If you seek mainly to stop future harm, you will imprison everyone. If you seek mainly to deter, you will frame the innocent (it's easier).
10.14.2008 10:49pm
Oren:
I think it's silly to think that anyone in the US (or civilization in general) can agree on whether Justice is or ought to be (or in what fractions) deterrant, retributive or palliative.
10.14.2008 10:58pm
Anon Philly ADA:
I argue Dunlap motions every couple of days, so although I don't have any notes on style, I thought I'd share a few thoughts for some of the commenters above.

First, Dunlap probably doesn't let alot of drug dealers go free. It lets alot of drug users go free. Our office refers to Dunlap motions as "first buyer motions" because it's pretty difficult to get the first buyer convicted. The second and third and fourth buyers are no problem, and neither is the dealer if there are several observed sales. Usually the cops will wait around for a couple of observed sales anyway (or will use a confidential informant, not an undercover officer, over a period of time), or will get some other evidence of dealing (scales, large amounts of cash) through a search warrant.

The follow-up to that is that no one's getting or not getting 12-18 years in most Dunlap-related cases. Most drug users get probation in Philly, and actually, so do some drug dealers (i.e., first-time marijuana dealers) because the system's so crowded and also because we have elected judges who are somewhat pro-defense on the average.

Finally, it should be noted (and I don't know whether or not this has anything to do with the denial of cert) that the PA state constitution gives significantly broader privacy protections than the US constitution does. For instance, PA doesn't recognize the automobile exception, and requires search warrants for pen registers, among other things. So it really may be up to the PA Supreme Court to change this one. The makeup of the PA Supreme Court has changed since Dunlap and it's possible that they'll reverse the decision themselves when the right case is brought up on appeal. Or at least that's what we're all hoping for. Until then, don't worry, we'll keep trying to put away the bad guys.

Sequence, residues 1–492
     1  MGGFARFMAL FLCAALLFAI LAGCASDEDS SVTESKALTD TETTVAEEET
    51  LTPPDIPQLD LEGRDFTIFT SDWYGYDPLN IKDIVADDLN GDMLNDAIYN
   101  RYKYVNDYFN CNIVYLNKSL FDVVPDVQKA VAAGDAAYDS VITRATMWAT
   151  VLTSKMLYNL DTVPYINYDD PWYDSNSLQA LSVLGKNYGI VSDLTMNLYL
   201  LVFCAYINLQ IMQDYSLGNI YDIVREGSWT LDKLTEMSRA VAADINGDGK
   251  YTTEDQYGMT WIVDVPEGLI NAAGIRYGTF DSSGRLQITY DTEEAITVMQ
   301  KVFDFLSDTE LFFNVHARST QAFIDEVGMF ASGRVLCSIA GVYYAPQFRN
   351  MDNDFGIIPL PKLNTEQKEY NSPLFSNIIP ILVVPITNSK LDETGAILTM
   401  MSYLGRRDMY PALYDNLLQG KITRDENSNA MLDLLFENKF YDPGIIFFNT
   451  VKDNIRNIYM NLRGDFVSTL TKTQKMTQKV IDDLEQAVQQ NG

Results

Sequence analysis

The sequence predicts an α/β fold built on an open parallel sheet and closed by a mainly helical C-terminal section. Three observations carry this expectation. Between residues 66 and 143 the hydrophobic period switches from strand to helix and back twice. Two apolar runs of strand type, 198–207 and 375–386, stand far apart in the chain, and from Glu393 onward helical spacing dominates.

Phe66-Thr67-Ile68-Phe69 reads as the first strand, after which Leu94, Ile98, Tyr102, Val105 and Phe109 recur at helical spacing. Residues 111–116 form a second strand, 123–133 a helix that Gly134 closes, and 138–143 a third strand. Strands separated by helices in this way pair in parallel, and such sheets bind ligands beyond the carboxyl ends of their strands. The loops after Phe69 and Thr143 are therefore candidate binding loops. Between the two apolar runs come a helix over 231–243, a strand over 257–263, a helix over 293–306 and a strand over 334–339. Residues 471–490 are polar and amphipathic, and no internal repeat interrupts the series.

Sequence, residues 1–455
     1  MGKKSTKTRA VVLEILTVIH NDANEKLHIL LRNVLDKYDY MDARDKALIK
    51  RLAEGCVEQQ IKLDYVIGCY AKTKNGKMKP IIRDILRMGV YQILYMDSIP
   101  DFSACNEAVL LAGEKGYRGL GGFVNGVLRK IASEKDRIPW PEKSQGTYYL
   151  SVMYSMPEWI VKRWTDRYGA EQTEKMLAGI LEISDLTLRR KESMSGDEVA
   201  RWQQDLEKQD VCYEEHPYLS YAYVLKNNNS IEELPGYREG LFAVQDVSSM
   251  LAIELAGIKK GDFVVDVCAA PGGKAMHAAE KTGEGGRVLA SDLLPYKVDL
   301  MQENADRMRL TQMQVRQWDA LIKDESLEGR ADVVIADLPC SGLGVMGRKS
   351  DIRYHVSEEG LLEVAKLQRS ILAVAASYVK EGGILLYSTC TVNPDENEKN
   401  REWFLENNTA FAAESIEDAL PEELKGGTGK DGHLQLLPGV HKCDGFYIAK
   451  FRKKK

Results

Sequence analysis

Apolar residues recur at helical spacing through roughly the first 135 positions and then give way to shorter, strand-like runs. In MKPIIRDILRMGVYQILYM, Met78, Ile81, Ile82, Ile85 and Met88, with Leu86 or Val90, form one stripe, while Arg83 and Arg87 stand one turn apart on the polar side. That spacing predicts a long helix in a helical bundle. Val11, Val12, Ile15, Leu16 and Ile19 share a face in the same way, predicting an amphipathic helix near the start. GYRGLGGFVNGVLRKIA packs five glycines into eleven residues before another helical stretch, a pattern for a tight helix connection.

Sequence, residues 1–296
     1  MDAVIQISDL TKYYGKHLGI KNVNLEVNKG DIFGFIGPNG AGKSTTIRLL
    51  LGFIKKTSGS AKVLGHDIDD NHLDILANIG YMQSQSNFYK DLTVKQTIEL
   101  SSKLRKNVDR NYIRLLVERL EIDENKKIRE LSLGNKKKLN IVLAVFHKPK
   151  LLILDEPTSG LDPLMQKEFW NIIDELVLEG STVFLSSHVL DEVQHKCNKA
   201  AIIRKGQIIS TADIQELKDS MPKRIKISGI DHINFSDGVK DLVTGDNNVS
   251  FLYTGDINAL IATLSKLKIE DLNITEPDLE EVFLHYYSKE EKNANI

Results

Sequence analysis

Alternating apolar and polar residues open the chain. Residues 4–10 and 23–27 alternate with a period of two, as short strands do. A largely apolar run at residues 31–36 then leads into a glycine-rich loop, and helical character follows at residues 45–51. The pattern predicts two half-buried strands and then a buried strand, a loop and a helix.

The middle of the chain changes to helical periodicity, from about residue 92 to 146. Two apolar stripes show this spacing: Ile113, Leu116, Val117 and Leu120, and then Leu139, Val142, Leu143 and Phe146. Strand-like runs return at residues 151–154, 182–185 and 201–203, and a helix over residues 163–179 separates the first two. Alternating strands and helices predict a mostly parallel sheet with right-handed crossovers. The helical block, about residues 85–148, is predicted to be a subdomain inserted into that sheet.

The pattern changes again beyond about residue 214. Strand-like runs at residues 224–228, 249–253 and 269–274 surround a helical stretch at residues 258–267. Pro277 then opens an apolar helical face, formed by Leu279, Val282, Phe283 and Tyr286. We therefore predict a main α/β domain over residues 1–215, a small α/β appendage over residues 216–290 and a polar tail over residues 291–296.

10.14.2008 11:06pm
OrinKerr:

This opening paragraph was terrible. I am not a fan of overly formal opinions, but this opening paragraph was poorly written, not clever (though the writer and(?) CJ apparently thought it was), and certainly not entertaining. Perhaps the CJ was being snarky as usual (a common trait in his opinions)? Perhaps the CJ is channeling his inner Kozinski? Who knows? But I just don't get the point of this paragraph.
If the purpose of Supreme Court error correction is to encourage lower courts to follow the law -- on the theory that a reversal is embararrasing, and may induce the judges to be more careful and less willful -- then a dissent from denial of certiorari that is widely publicized can achieve the same effect. That "cute" first paragraph led to a lot of media attention today: bloggers and the MSM have covered it as if it was a majority opinion. While I can't be sure why JGR wrote it that way, if the goal was to write it that way to get attention and make the point, it was certainly effective.
10.15.2008 12:29am
William D. Tanksley, Jr:
I think it's silly to think that anyone in the US (or civilization in general) can agree on whether Justice is or ought to be (or in what fractions) deterrant, retributive or palliative.


I disagree.
10.15.2008 1:21am
Oren:

I disagree.

Because you can tell me with certitude that our justice is retributive and not at all deterrent or remedial?

How would one even begin to make such a claim?
10.15.2008 1:08pm
David Warner:
Oren,

"How would one even begin to make such a claim?"

The way he did. Is there a flaw in his reasoning? I imagine that there is, but I think he's more interested in your own thoughts.
10.15.2008 2:34pm
Oren:
David, my point is that the 3 models of justice are so thoroughly intertwined that we cannot tease apart their respective influences.
10.15.2008 6:09pm
Opher Banarie (mail) (www):
Mickey Spillane would be proud.
10.15.2008 7:47pm
Hoosier:
Next I want him to write a para in the style of Gertrude Stein.

"Cert should be granted by the granting the granting of cert of cert of cert of cert. Certain. Certainly certain cert . . ."
10.16.2008 12:04am